When most people think of off-roading adventures they think of the Jeep Wrangler. So why is the new Bronco on this list instead? Consensus among reviewers is that it’s the better-looking and better-refined of the two while still being one of the most capable off-roaders you can buy off the shelf (also, you won’t have to endure a sea of Jeep Waves). The Bronco, then, is for the car camper who believes the journey is every bit as good if not better than the destination, and loves some challenging rock crawling and overlanding. The Bronco is well suited for off-roading in stock form but there is a healthy cottage industry of manufacturers that exists to offer beefed up suspensions, skid plates, roof-tents, and other overlanding swag.
The Urbanite: Ford Bronco Sport (2021-Present)
Not everyone needs the biggest and baddest for their car camping excursions, and if you live in a city, the bigger your car is, the harder it is to live. That is the raison d’etre of the Bronco Sport, which despite the shared name is a completely different animal from the “standard” Bronco. This compact, unibody SUV is powered by a turbocharged three-cylinder engine good for a combined 26 MPG and comes packed with trick differentials that make it surprisingly competent off-road. On top of that, it comes standard with a bottle opener built into the tailgate because Ford knows exactly what shenanigans you’re up to when you’re out in the wilderness.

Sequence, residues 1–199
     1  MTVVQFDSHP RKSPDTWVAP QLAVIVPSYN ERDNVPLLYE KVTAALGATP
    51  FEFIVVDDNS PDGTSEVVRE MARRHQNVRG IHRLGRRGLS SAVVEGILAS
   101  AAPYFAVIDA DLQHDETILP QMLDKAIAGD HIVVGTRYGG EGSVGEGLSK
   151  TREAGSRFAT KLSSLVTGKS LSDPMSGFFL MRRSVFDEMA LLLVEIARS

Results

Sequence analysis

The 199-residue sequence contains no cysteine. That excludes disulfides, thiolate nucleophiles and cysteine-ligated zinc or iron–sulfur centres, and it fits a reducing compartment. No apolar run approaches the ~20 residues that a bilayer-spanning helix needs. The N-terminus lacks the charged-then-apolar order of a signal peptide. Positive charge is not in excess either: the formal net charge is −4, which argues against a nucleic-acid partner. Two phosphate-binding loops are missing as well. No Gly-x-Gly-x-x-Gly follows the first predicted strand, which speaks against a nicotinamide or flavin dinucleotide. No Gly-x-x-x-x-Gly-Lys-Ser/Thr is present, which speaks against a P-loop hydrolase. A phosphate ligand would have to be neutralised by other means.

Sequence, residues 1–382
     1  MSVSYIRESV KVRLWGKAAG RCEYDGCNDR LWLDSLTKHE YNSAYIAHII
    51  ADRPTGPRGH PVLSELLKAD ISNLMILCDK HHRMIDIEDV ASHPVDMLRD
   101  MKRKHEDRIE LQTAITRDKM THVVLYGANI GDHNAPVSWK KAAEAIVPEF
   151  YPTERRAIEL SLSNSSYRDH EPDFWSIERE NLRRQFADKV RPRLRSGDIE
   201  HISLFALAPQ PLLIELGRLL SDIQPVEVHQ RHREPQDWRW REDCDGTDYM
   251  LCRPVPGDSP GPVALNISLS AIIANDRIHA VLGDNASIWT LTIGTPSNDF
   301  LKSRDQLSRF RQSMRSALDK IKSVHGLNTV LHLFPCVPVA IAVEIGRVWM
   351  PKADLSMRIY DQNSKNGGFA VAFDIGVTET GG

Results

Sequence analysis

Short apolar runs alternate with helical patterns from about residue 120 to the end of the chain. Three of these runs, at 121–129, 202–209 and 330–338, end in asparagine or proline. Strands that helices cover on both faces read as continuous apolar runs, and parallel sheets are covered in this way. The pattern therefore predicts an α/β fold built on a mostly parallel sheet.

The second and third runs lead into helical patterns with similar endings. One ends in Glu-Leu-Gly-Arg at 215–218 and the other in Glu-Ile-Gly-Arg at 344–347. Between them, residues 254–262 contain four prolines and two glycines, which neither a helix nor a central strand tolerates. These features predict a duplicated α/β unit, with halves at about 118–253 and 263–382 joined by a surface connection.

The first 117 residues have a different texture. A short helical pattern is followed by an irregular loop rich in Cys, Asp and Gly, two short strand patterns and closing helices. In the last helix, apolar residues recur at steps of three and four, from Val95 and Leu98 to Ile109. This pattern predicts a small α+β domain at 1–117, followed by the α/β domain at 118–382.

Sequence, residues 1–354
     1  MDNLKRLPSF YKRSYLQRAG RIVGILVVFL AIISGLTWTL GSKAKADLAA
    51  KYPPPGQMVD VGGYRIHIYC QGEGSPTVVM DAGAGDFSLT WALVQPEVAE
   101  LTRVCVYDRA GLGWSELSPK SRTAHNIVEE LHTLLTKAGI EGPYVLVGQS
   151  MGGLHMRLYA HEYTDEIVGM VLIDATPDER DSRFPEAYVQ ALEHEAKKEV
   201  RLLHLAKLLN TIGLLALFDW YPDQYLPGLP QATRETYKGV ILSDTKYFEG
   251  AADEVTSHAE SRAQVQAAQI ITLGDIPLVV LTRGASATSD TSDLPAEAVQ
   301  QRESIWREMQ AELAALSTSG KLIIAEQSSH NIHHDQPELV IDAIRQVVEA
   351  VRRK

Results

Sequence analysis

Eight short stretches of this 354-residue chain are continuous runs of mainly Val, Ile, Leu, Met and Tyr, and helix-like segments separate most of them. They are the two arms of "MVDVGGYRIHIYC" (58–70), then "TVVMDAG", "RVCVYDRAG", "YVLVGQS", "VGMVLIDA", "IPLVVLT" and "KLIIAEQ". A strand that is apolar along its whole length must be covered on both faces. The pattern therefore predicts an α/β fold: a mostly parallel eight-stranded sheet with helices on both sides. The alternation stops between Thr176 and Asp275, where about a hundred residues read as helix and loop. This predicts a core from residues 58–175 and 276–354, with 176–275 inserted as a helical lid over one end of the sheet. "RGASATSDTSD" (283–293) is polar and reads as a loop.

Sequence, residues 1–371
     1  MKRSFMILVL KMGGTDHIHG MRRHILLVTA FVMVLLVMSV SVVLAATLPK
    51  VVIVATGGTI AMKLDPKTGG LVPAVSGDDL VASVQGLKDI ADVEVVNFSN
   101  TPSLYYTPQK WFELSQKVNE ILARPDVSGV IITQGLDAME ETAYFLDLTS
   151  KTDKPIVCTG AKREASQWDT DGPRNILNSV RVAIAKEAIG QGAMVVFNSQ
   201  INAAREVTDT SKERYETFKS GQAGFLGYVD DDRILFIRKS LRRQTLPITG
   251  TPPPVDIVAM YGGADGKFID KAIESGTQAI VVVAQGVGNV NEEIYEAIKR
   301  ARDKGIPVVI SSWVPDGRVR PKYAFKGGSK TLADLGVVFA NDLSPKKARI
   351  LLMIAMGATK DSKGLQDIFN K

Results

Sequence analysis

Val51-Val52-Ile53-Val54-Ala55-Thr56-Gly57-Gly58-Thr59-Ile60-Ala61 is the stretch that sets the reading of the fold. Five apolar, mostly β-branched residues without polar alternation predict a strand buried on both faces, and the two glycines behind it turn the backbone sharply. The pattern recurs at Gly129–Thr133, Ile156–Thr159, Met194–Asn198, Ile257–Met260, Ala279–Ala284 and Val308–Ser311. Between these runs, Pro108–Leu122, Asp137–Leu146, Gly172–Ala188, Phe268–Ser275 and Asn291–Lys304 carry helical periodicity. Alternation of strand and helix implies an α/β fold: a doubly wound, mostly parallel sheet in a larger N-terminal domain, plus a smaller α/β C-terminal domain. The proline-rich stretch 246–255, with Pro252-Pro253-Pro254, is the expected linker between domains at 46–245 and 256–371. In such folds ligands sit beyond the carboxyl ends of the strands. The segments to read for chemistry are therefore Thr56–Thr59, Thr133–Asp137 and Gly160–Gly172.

The Technophile: Rivian R1T (2022-Present)